India’s access to the port not just sidestepped Pakistan but was also set to counterbalance the Chinese controlled Gwadar port which is just 72 km far from the Chabahar. This strategic façade looks, even more, brighter while looking down the coastline at the China-built Gwadar port in Pakistan. The two harbours are barely at a distance of 72 km. But there is a difference between the two and the objective behind the two benefactor countries. China looks at it as a gateway into the Arabian Sea as a part of its maritime silk route. Gwadar offers the ability to carry greater tonnage of cargo through the China Pakistan Economic Corridor (CPEC).
Chabahar, on the other hand, is supposed to give India strategic land access to Afghanistan and CAR. However, Iranians have time and again reiterated that Chabahar and Gwadar are not in competition but both are ‘sister ports.’ Apart from offering strategic benefits and economic and trade linkages, it also exposes India to the murky politics of the region. When both harbours will be fully functional, it could increase competition and tension between shipping companies in the region.” Thus, the strong Chabahar key is destined to unlock the loggerheads to aid India to checkmate China’s global aggression competitively.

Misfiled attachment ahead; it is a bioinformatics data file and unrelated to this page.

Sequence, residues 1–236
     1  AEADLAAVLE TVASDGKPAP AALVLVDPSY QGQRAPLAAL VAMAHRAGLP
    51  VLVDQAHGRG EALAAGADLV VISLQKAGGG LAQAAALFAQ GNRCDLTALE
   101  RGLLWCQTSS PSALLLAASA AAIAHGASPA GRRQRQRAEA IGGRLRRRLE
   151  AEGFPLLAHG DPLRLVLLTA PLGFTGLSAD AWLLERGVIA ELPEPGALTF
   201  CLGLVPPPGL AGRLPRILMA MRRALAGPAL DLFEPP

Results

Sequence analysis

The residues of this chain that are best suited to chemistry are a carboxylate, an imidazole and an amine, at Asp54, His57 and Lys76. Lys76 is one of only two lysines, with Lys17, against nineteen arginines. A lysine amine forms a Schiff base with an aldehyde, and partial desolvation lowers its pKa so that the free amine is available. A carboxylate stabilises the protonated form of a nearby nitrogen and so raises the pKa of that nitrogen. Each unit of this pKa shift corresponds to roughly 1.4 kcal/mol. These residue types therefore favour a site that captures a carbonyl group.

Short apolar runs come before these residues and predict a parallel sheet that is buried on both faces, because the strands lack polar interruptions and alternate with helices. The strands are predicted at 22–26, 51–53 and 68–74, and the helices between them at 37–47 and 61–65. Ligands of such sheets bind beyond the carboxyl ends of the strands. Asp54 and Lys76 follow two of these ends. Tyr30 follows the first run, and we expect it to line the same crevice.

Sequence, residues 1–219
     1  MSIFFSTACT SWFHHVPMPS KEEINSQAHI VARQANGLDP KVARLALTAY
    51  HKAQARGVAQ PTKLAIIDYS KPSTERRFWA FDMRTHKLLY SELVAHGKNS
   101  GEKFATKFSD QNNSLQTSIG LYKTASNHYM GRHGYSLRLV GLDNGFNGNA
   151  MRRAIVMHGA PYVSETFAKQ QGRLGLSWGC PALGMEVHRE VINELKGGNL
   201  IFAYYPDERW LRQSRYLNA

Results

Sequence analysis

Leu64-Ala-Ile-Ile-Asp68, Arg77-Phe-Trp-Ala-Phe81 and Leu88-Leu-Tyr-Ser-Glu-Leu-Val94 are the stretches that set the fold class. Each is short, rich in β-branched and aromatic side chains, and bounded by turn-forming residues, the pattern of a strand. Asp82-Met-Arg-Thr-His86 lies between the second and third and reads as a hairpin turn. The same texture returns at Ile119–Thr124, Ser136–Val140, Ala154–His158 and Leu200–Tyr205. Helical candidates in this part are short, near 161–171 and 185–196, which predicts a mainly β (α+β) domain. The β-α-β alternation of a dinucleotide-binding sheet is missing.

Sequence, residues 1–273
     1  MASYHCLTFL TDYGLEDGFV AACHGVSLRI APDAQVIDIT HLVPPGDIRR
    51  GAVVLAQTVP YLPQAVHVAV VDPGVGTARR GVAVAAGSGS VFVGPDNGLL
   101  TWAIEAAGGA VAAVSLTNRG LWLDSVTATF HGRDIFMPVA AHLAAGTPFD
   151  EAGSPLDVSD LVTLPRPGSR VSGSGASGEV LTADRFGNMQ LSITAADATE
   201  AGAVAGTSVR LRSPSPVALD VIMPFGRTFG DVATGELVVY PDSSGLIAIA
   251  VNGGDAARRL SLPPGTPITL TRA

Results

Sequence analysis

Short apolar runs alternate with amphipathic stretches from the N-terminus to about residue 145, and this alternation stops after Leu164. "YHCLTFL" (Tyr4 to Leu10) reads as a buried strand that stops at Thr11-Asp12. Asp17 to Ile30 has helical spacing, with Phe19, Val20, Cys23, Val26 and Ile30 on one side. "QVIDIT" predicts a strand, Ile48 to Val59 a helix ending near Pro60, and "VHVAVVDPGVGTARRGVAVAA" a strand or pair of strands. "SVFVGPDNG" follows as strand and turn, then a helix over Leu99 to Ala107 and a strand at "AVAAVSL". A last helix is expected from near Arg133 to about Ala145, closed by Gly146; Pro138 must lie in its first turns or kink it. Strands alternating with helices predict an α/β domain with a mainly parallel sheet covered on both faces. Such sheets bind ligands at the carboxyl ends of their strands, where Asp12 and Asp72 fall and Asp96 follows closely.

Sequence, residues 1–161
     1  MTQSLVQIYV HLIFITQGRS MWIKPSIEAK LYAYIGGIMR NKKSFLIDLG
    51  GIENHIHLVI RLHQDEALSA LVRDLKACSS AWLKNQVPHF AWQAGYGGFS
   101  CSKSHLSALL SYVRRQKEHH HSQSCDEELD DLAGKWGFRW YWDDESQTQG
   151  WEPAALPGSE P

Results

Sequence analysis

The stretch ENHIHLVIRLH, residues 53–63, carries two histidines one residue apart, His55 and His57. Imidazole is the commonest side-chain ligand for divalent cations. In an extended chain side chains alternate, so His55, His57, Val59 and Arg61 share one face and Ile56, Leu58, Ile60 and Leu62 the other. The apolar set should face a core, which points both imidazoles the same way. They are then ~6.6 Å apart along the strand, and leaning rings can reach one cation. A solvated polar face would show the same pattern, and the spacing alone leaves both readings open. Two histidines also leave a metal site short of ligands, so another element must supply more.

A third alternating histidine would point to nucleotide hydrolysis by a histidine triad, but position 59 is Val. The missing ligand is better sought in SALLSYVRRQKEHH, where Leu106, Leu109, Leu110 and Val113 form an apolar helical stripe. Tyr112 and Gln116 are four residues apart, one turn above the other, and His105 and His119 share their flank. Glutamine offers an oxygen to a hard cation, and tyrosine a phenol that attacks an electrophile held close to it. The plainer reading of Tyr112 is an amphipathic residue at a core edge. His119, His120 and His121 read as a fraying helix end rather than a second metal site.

Pakistan is wary of the ‘existential threat’ usurping from India’s presence on its west, which could kick Pakistan into insignificance out of this great game. This port is set to demolish all the blockades set up by Pakistan to render useless all the connectivity measures pursued by regional neighbours. It juxtaposes China’s string of pearls in the Indian Ocean Region (IOR). It spelled out a potential to circumvent Chinese encirclement on India’s western flank.
The Way Forward